- South Korea has budgeted $2.6 million to compensate for North Korea’s losses at the Winter Olympics.
- The income will cover food, accommodations, transportation, and sheet prices for the 424-strong delegation.
- The decision comes as allies pull for some-more sanctions against the North.
- South Korea has a story of profitable for North Korea to attend sporting events and, in 2018, has budgeted $895 million to boost team-work between the two countries.
South Korea has authorized spending $2.6 million to cover North Korea’s costs at the Winter Olympics.
Senior supervision officials met on Wednesday to approve the check that will compensate for hosting North Korea’s delegation, including 200 cheerleaders, a 137-piece orchestra, and 22 athletes.
The South will cover the cost of 424 North Koreans’ food, Olympics opening fees, travel and accommodation, with many of the representatives staying in five-star hotels in Seoul.
It’s a formidable position for South Korea, which “will continue close conference with the general community, holding into comment general sanctions against North Korea,” according to a Ministry of Unification statement.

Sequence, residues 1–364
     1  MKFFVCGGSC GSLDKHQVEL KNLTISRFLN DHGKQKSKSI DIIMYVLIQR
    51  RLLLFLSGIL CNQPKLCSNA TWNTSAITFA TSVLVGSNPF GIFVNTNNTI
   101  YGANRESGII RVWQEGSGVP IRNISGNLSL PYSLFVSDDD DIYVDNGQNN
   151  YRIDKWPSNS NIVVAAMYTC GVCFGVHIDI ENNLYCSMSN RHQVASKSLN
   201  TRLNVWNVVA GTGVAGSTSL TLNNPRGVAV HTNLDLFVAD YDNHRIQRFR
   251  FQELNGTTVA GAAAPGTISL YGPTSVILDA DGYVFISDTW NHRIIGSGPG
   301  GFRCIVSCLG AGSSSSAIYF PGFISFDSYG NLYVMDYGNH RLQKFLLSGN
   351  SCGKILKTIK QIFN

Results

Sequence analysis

The country has already had to walk a excellent line in tact of general sanctions against North Korea at the Games, while allies including the US and Japan pull for some-more sanctions.
But the government’s decision is mostly unsurprising as South Korea has opted to compensate for the North’s losses at a series of general sporting events in the past.
According to patterns of past years, the volume South Korea will finish up spending will likely be much reduction than the $2.6 million it has set aside, the Ministry of Unification pronounced in a statement.
In 2002, at the Busan Asian Games, South Korea budgeted $1.9 million and paid only $1.2 million. At the Incheon Asian Games in 2014, South Korea spent only $380,000 of an estimated $860,000.
But South Korea balance the check for these events has always been essential to the North’s participation.
In the lead-up to the 2014 Games, the South primarily pronounced it would follow general norms for attending countries to compensate their own way. North Korean officials then reportedly “stormed out” of a formulation meeting, and South Korea finished up profitable regardless.
South Korea may also have to compensate the North if an Inter-Korean limit eventuates after this year. Ahead of both prior summits, in 2000 and 2007, the South paid its neighbor vast sums of money.
The check for this year’s Olympics output was allocated from South Korea’s Inter-Korean Cooperation Fund. Since 1990, the supervision has set aside supports to support informative exchanges and mercantile team-work with the North.